How do you find all the zeros of #f(x) = –3x^5 – 8x^4 +25x^3 – 8x^2 +x – 19#?

1 Answer
Jul 31, 2016

Answer:

Use Durand-Kerner method to find numerical approximations:

#x_1 ~~ -4.61495#

#x_(2,3) ~~ 1.34883+-0.412784i#

#x_(4,5) ~~ -0.374682+-0.74117i#

Explanation:

#f(x) = -3x^5-8x^4+25x^3-8x^2+x-19#

By the rational root theorem, any rational zeros of #f(x)# must be expressible in the form #p/q# for integers #p#, #q# with #p# a divisor of the constant term #-19# and #q# a divisor of the coefficient #-3# of the leading term.

So the only possible rational zeros are:

#+-1/3, +-1, +-19/3, +-19#

Evaluating #f(x)# for each of these values we find none works. So #f(x)# has no rational zeros.

#color(white)()#
In common with most quintics, the zeros of this #f(x)# are not expressible in terms of #n#th roots. There are no algebraic solutions in terms of elementary functions, including trigonometric ones.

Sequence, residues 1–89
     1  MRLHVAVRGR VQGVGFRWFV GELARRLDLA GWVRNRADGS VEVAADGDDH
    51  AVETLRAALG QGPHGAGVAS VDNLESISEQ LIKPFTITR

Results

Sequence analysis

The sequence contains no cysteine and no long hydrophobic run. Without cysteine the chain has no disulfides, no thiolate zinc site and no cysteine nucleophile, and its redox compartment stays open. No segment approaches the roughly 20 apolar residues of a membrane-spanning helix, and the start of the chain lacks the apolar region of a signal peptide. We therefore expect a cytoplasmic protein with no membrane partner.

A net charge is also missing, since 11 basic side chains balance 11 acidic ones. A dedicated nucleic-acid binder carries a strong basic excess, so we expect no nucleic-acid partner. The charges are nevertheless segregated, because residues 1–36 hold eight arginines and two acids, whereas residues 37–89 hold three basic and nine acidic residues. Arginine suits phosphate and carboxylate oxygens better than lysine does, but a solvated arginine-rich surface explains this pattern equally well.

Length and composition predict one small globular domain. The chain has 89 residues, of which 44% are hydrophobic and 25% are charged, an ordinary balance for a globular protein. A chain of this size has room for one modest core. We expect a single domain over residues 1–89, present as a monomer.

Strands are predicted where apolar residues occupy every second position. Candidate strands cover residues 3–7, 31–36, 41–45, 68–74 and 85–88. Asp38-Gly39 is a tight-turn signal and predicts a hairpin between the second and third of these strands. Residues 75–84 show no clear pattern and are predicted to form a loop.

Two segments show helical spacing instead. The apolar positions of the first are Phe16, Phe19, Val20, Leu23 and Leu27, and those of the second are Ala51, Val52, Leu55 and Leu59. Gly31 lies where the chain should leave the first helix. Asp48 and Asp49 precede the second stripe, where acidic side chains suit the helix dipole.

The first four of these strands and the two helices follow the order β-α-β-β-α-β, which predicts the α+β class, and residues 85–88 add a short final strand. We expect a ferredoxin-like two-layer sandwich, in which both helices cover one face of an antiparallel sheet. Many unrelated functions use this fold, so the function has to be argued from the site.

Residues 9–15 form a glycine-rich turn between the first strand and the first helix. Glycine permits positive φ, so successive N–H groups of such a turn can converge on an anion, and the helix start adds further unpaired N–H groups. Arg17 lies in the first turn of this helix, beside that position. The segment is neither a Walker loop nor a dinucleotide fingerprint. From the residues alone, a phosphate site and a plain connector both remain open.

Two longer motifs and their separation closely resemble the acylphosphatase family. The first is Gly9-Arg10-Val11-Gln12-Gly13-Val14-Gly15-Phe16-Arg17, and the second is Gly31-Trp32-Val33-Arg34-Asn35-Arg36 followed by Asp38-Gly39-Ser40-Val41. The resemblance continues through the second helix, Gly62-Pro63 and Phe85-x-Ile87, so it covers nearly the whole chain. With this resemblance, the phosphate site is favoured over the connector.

About the best we can do is use a numeric method such as Durand-Kerner to find approximations to the zeros:

Suppose the #5# zeros are: #p, q, r, s, t#.

Choose initial approximations for these zeros as follows:

#p_0 = (0.4+0.9i)^0#

#q_0 = (0.4+0.9i)^1#

#r_0 = (0.4+0.9i)^2#

#s_0 = (0.4+0.9i)^3#

#t_0 = (0.4+0.9i)^4#

Then iterate using the formulas:

#p_(i+1) = p_i-(f(p_i))/((p_i-q_i)(p_i-r_i)(p_i-s_i)(p_i-t_i))#

#q_(i+1) = q_i-(f(q_i))/((q_i-p_(i+1))(q_i-r_i)(q_i-s_i)(q_i-t_i))#

#r_(i+1) = r_i-(f(r_i))/((r_i-p_(i+1))(r_i-q_(i+1))(r_i-s_i)(r_i-t_i))#

#s_(i+1) = s_i-(f(s_i))/((s_i-p_(i+1))(s_i-q_(i+1))(s_i-r_(i+1))(s_i-t_i))#

#t_(i+1) = t_i-(f(t_i))/((t_i-p_(i+1))(t_i-q_(i+1))(t_i-r_(i+1))(t_i-s_(i+1))#

Keep iterating until the values are stable to the desired accuracy.

With this method, I found the following approximations for the zeros:

#x_1 ~~ -4.61495#

#x_(2,3) ~~ 1.34883+-0.412784i#

#x_(4,5) ~~ -0.374682+-0.74117i#

Here's a sample C++ program that implements the algorithm for the example quintic:

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